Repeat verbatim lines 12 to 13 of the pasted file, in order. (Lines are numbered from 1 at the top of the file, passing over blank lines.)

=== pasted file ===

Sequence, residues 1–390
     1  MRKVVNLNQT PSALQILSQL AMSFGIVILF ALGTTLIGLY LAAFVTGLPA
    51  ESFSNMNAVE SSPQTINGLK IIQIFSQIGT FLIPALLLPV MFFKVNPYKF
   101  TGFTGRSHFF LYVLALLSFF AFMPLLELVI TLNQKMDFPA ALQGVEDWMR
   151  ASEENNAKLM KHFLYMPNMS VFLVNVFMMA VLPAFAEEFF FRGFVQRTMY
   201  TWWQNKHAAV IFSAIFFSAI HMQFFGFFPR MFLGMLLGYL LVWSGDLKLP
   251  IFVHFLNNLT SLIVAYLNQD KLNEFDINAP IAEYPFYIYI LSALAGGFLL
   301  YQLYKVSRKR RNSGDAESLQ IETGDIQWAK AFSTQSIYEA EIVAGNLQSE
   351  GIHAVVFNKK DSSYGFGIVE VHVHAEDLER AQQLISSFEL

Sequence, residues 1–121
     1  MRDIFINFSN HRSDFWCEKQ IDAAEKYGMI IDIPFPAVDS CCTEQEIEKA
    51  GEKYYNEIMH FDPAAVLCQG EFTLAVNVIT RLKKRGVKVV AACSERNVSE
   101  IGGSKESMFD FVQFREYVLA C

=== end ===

    51  GEKYYNEIMH FDPAAVLCQG EFTLAVNVIT RLKKRGVKVV AACSERNVSE
   101  IGGSKESMFD FVQFREYVLA C